The Magazine of The Evangelical Lutheran Church in America


David Rosen, Ron Kronish & Ophir Yarden

Amid current tensions, overwhelming mistrust threatens to drown any constructive relationships between Jews and Palestinians. But behind the main political stage, critical interfaith and intercultural dialogue, philanthropy and human rights initiatives swim against the tide.

"In 2000, I thought we were turning a corner," says Rabbi David Rosen, international director of interreligious relations for the American Jewish Committee in Jerusalem. "Now we are in a state of depression. Israeli peace groups are in disarray because of a general feeling that Palestinians don't want peace. And the Palestinian community has the reverse image of this.

"There's a syndrome of victimhood on both sides of the conflict. There's much dehumanization on both sides. We need honest and even painful self-examination."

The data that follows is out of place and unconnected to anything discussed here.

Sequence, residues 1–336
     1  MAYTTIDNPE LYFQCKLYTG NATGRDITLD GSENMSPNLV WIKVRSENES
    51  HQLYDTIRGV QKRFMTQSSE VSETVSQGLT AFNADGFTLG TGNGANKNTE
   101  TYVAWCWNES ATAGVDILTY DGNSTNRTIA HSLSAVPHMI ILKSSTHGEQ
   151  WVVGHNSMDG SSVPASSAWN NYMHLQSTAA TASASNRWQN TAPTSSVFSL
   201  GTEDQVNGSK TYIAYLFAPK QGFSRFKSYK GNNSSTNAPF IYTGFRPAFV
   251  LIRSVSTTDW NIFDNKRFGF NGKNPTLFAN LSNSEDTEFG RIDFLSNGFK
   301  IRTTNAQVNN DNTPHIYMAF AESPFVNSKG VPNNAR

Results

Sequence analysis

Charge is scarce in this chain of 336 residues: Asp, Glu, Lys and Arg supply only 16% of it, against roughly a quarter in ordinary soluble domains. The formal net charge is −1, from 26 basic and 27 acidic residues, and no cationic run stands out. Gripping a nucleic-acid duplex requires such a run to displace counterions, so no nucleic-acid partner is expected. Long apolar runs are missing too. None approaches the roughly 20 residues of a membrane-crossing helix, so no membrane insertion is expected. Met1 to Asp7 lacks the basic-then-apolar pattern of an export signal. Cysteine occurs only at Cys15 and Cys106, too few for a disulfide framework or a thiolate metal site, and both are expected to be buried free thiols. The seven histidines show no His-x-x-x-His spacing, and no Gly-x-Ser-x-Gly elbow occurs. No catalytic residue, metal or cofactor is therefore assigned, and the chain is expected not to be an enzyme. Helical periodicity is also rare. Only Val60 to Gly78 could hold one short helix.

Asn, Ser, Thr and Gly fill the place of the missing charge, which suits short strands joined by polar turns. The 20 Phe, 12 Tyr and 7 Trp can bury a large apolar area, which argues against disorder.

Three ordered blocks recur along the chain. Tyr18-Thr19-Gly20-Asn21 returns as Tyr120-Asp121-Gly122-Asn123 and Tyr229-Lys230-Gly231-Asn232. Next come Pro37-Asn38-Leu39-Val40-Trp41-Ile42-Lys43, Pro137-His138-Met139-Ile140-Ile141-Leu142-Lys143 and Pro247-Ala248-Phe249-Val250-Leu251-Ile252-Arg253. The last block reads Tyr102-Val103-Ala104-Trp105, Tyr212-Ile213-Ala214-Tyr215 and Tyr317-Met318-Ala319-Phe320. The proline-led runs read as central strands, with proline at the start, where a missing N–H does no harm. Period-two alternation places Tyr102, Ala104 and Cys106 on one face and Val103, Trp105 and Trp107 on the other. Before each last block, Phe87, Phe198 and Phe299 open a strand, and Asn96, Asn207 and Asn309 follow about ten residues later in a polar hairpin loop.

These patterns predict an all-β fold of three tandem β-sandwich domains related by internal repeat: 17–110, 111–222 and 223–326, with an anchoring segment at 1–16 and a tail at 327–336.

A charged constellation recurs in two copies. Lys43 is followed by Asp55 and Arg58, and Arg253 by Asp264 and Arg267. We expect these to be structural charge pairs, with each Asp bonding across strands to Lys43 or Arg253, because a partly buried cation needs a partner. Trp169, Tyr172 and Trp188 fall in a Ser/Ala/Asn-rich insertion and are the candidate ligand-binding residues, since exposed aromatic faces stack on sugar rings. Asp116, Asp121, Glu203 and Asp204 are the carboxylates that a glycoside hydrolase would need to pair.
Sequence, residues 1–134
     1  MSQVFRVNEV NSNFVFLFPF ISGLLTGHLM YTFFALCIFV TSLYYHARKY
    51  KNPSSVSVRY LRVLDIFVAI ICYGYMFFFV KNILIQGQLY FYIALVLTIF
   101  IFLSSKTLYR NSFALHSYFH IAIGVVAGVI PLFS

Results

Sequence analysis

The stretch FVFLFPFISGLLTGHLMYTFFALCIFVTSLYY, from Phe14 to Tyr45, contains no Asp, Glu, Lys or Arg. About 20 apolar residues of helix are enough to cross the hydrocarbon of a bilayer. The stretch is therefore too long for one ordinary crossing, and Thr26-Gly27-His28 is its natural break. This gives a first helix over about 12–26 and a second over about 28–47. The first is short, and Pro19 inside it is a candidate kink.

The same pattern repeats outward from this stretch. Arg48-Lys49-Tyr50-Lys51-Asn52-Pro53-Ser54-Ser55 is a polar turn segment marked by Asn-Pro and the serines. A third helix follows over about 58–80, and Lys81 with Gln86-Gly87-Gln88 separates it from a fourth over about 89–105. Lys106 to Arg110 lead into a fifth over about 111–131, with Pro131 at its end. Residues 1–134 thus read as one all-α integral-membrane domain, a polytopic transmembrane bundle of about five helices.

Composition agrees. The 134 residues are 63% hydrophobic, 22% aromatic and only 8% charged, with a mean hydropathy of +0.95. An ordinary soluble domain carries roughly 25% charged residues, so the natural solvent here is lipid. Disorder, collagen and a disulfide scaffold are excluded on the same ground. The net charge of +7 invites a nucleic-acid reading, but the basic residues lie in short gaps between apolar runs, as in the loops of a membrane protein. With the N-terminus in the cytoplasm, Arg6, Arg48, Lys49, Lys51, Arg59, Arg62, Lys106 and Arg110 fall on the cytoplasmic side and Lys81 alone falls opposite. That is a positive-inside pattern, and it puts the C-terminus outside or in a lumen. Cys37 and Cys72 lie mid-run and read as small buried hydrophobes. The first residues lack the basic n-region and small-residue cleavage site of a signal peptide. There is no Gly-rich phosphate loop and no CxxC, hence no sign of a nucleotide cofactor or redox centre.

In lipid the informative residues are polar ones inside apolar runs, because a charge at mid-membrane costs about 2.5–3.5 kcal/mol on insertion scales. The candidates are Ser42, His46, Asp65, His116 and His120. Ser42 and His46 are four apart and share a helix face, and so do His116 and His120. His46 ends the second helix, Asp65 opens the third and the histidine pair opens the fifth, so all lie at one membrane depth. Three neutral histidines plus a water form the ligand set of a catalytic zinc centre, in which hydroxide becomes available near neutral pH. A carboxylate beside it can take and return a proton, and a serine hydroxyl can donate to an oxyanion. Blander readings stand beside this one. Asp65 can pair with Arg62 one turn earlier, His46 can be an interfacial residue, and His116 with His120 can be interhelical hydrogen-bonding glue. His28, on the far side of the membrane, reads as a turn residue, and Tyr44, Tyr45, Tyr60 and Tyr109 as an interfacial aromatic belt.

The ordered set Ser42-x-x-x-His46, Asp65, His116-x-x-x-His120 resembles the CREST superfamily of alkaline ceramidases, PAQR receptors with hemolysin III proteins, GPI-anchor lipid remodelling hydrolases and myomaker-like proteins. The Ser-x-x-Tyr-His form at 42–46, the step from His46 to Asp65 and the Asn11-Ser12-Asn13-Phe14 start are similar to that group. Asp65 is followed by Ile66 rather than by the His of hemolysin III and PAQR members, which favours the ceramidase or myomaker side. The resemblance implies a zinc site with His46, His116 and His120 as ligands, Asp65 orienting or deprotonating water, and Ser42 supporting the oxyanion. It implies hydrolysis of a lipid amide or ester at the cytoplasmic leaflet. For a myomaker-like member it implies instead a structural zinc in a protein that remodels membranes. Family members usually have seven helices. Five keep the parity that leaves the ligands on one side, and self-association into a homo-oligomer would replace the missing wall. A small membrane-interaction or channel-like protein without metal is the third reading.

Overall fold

"We need a double solidarity, where people have empathy for both sides of the conflict," adds Rabbi Ron Kronish, director of The Interreligious Coordinating Council in Israel (www.icci.co.il). Kronish criticizes Israel's practice of bulldozing Palestinian roads and farmers' fields — and the failure of the Palestinian Authority to stop the suicide bombings.

"With the constant victimization, more than 90 percent of people see only their side," Kronish says. "But peace requires justice for both sides. For Jews the main point is fear of being blown up, fear of terror. I drove my daughter to school for two years. I wouldn't let her ride the bus. I fear people who want the extinction of the state with which I'm identified.

"The two-state solution is going to happen sooner or later. So our job is to help people learn to live together."

Ophir Yarden, director of the Melitz Center for Interfaith Encounter with Israel, says, "Breaking the we-win, they-lose model is difficult, even when this [model] is injurious for both sides. Jews are [historically] hardwired to see themselves as a persecuted minority even when it flies in the face of reality. Israel may look like Goliath with its army, but to many Jews it feels like we're a David."


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February issue


Embracing diversity